It is easy, based on media coverage, to treat the moment as defining and historic in ways that it is not. Presidents have limited domestic policy-making authority, unlike Prime Ministers, who determine policy in more areas and at lower levels. Education, law enforcement and important social issues will continue to be decided at the state and local level based on those voters’ preferences. Only eleven governors, for example, were up for election, and only one state (Missouri) changed its chief executive’s party. On issues affecting the United Kingdom and the world, however, the importance is greater. The President largely controls foreign and defence policy, and his majority in both houses of Congress will give him legitimacy as well as power in those areas.


Voters undoubtedly wanted change, and they adopted a black chief executive to effect it: the first in a Western democracy. But a mandate can also be exaggerated. For example, the Supreme Court can block progressive policies, no matter what the president’s mandate. However, this is the very area in which the President-elect’s influence may last longest. Five of the nine Supreme Court Justices are at least 70 years old. Two of them were appointed by Bill Clinton, but three are Republican picks. If Obama follows George Bush’s lead and appoints young justices, the complexion of constitutional law in the United States could be affected for a long time. The lifetime appointment of lower-level federal judges, responsible for much civil rights law, is even more important.


Questions like this are best left to the betting shops. If I were betting, though, I would think in terms of experienced people, and possibly one, or even two, Republicans if he can recruit them. People in the Executive Office of the President are more likely to come from the campaign and from his past, but even there the smart money is on experience not cronyism.


The Democrats did well, but Congress is another constraint on presidential power, even with majorities in both houses. As I write, the Senate majority seems to have increased by 5 (from 51 to 56 out of 100); and the House majority by 18 or more (from 233 to at least 252 out of 435). Sixty Senators must vote to end a filibuster: extended debate which can defeat legislation (like talking a bill out in Parliament, if it were in the control of the opposition). The tool must not be overused, as it can be changed by the Senate itself, but Senators have been reluctant to do that. The last time the Senate had a filibuster-proof majority was in 1975-79, following the Watergate scandal and Richard Nixon’s impeachment, and before that it was in 1959-69 when the Democrats were divided over civil rights, so that a party faction blocked legislation. With a weak party system, as in the USA, party factions are as important as the sizes of majorities.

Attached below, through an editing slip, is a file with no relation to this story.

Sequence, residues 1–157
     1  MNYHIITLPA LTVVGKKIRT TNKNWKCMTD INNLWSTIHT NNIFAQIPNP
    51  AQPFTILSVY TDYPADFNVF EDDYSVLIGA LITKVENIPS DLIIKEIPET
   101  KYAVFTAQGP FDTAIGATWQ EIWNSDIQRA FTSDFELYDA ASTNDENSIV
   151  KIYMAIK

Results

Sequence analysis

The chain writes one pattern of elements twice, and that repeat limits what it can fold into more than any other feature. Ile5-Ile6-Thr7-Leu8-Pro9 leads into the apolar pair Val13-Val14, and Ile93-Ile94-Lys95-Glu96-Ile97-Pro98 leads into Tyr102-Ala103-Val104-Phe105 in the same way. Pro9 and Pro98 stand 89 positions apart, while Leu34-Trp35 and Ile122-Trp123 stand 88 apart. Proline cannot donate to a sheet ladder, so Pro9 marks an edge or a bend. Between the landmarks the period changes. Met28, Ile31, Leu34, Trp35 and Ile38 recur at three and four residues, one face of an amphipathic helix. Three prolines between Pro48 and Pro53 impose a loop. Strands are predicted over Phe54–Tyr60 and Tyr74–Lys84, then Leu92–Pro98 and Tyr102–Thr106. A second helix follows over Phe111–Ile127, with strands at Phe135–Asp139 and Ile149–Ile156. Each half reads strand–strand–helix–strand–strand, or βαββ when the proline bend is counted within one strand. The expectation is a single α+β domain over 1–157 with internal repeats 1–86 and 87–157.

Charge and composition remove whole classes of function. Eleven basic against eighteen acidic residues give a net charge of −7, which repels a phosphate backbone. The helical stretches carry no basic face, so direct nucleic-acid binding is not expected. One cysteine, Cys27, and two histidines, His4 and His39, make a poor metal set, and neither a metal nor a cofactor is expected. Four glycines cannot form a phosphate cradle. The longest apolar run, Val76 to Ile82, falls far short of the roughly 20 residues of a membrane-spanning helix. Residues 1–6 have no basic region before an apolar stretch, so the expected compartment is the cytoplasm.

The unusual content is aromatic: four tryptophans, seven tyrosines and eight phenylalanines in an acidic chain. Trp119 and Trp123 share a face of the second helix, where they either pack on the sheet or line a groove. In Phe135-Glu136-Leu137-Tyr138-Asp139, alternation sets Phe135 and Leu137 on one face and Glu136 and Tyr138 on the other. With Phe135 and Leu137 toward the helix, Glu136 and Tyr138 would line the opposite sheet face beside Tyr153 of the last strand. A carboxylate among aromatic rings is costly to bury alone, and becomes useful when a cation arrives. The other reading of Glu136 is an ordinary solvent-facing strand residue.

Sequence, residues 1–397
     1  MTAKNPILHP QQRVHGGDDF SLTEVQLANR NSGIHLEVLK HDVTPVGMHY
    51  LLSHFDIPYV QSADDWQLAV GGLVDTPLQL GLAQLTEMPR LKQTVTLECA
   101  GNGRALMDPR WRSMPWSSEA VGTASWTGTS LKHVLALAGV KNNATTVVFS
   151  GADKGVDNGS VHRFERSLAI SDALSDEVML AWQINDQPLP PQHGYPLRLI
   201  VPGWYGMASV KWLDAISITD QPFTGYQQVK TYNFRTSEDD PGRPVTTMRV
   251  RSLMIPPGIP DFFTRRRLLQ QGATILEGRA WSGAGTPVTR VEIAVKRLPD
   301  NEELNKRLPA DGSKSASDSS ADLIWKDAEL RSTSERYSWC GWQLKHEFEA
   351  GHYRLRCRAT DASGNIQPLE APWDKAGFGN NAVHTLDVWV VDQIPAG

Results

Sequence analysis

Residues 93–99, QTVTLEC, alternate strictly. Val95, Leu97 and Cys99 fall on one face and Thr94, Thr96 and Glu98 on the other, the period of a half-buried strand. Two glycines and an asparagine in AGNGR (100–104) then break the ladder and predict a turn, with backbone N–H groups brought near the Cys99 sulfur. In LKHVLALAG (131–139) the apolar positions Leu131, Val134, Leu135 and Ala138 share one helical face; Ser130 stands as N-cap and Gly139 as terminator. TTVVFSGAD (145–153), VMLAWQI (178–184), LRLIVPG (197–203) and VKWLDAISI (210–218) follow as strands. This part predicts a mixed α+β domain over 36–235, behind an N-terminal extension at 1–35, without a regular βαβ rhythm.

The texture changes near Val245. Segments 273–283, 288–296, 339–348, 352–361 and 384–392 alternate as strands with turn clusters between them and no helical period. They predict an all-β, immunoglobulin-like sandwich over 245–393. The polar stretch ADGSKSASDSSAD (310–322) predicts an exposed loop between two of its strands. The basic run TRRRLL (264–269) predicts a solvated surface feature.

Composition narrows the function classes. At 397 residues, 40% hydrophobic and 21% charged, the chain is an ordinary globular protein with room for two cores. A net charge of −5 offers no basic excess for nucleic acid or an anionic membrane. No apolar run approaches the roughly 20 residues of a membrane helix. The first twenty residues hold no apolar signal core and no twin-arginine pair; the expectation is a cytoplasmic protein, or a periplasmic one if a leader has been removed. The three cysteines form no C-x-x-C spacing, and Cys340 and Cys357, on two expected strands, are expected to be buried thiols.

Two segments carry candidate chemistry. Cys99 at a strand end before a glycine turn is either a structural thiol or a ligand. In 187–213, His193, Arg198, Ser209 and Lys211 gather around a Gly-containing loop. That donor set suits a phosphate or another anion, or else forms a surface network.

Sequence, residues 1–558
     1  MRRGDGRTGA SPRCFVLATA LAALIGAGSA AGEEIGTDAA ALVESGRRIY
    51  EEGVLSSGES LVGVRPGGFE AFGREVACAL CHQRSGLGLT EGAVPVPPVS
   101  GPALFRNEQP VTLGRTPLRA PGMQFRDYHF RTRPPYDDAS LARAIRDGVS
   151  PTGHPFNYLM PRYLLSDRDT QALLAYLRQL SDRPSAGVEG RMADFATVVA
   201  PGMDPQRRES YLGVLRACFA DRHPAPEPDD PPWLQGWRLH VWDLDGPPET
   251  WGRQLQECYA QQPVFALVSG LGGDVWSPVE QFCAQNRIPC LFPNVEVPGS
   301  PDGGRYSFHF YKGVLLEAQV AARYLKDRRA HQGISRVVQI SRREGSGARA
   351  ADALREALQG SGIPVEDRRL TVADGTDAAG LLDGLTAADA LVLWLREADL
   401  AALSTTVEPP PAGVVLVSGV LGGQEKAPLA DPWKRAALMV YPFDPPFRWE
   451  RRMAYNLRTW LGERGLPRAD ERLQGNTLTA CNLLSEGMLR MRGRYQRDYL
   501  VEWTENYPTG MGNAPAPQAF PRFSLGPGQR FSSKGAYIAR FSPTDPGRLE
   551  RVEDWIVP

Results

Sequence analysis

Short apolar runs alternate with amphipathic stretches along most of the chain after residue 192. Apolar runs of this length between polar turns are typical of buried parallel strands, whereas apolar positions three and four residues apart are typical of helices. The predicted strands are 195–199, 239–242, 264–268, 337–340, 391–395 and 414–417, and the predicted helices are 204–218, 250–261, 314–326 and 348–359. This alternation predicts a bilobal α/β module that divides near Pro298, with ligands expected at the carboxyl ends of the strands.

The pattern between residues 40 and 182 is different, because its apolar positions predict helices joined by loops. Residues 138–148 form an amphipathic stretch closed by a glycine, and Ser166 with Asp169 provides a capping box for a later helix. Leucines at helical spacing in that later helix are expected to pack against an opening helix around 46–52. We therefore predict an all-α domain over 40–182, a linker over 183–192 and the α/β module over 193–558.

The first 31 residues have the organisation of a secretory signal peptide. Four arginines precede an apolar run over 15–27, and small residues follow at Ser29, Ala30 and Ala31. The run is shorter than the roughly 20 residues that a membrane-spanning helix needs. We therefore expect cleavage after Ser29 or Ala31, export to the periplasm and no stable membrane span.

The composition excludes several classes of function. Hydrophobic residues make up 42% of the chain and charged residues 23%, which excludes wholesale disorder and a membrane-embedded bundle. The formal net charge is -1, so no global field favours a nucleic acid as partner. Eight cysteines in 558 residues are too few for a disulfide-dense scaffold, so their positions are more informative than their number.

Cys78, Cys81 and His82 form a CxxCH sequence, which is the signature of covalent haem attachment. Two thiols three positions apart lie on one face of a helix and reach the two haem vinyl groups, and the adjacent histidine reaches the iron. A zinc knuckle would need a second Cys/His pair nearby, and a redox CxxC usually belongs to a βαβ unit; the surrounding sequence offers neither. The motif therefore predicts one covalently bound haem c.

The two most pressing problems, of course, are the United States economy, and the expensive military actions in Iraq and Afghanistan. Environmental issues may be prominent, as may civil rights policy, although it is difficult to tell. Danger points include the potential for movement toward protectionism, which might appeal to the electorate but could have long-term detrimental affects for the U.S. and the world. Obama is one of only five trial lawyers, and the only Democratic one, to be elected to the presidency in the twentieth century. (Bill Clinton, for example, taught law but never practiced.) That background suggests that he will choose legislation based on what is achievable strategically within the applicable constraints (his own electoral base, the judiciary and pivotal votes in Congress). If trial lawyers are anything, they are cautious and do their best to avoid large-scale disasters (the exception being Richard Nixon).


The Republicans will undoubtedly retrench. However, the biggest problem that the party had was the unacceptably low approval ratings of the current president, along with some events that no one predicted. Hurricane Katrina and the credit crunch cannot really be attributed to the Republican administration, as the adverse consequences of both are a product of long-term, rather than short-term, government policy. The Iraq war, on the other hand, was a decision that was ill-conceived and poorly executed by the Republicans themselves. It is always possible that the party whose leader makes a decision like that will overreact when it goes wrong and retreat into isolationism. Again, however, unlike the U.K., which has a strong party system, parties in the United States are weak but resilient. Republican congressional representatives, for example, will go back to promoting their constituents’ local interests, which is what they do best and what they must do to remain in office.